current time+(packet size−credit)/weight,

[0038] and the queue is added to the wait list 450. Preferably, the wait list 450 is sorted by when each queue will have sufficient credit to send packet at head.

[0039] The scheduler 420 may be implemented as a “work conserving” scheduler, which always serves the next queue having data to send as soon as possible. This allows individual queues to consume more than their allocated bandwidth if other queues are not utilizing their full bandwidth. Alternatively, the scheduler 420 may be implemented as a “non-work conserving” scheduler, which will not serve a queue until or after the system clock has reached the scheduled transmission time. This scheme limits each queue to its configured rate. In another variant, the scheduler 420 reschedules queues based on the “deadline” of the packet at the head of the queue, called earliest deadline first (EDF).

[0040] Another feature of the scheduling system is that it is hierarchical. The output of a scheduler 420 may be associated with an output port of the services processor 110, or it may be associated with the input of another queue. In the former case, when a scheduler 420 serves a queue, the services processor 110 outputs the first packet of that queue over signal line 122. In the latter case, when a scheduler 420 serves a queue, the packet at the head of the queue is removed from the queue and added to the queue to which the output of the scheduler 420 is associated. This enables the queues to be organized hierarchically and thus allows for complex traffic shaping systems to be implemented. For example, a linear priority scheduler could be associated to an output port, and its highest priority input could be the output of a weighted fair scheduler that services all of the constant bandwidth traffic in the processor. The RED parameters of these queues could be set limit the throughput to the level paid for by an associated subscriber.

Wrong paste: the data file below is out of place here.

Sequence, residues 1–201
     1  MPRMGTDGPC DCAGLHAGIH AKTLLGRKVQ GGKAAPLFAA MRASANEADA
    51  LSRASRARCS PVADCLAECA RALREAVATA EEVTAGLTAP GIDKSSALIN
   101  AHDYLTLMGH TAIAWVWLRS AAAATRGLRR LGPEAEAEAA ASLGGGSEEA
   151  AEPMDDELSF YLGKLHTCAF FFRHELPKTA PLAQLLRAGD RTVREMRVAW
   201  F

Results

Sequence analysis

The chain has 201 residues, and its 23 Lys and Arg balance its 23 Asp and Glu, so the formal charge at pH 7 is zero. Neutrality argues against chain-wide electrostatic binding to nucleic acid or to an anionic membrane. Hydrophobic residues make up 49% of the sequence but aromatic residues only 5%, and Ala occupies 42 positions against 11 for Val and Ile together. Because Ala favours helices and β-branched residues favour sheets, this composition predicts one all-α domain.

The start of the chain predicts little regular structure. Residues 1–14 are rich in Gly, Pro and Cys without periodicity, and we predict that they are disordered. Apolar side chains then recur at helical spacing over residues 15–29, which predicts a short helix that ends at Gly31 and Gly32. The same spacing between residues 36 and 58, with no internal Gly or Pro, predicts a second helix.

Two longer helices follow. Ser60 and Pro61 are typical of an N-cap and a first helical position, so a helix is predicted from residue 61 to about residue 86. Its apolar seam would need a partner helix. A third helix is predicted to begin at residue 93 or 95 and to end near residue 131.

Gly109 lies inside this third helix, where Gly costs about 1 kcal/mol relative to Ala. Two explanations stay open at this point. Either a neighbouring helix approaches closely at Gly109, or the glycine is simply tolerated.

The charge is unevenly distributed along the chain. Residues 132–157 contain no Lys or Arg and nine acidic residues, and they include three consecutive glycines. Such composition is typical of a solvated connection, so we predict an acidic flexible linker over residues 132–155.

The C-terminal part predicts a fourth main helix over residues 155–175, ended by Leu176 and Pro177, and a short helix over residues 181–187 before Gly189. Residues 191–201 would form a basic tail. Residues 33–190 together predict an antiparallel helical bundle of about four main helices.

[0041] The output scheduler 220 organizes the queues 330 for output into a data structure called a priority queue. Priority queues can insert an entry anywhere in the queue based on a key value, where the key value corresponds to the entry's priority. Entries in the priority queue are sent out in the order determined by their priority. Priority queues can be implemented using heaps or calendar queues. FIG. 5 shows a basic calendar queue 510. The calendar queue 510 represents a range of delays for packet transmission from the current time until a future time—typically a constant value such as “end of year.” This time range is divided into discrete buckets 520. A queue is represented by an entry 530 in the calendar queue 510. Each queue 330 is associated with a delay in terms of the system clock; hence, each entry 530 corresponding to a queue 330 is associated with a bucket 520 that contains the time range into which the delay for that queue 330 falls. All of the queue entries 530 within the range covered by a bucket 520 are included in a linked list associated with that bucket 520. In one embodiment, the entries 530 comprise the queue control blocks 305 of the associated queue 330. Empty queues 330 are stored in a separate list.

[0042] When the total number of entries 530 (or maximum number of entries 530 in a bucket 520) increases, either due to total size or a non-uniform distribution, the performance of the calendar queue 510 decreases. This can be corrected by “re-sizing” the calendar, i.e., dividing the calendar queue 510 into more buckets 520. One technique for increasing the number of buckets 520 is to divides the buckets 520 in half. Similarly, when the total number of entries 510 declines, performance can be increased by shrinking the calendar queue 510, i.e., decreasing the number of buckets 520 by merging them.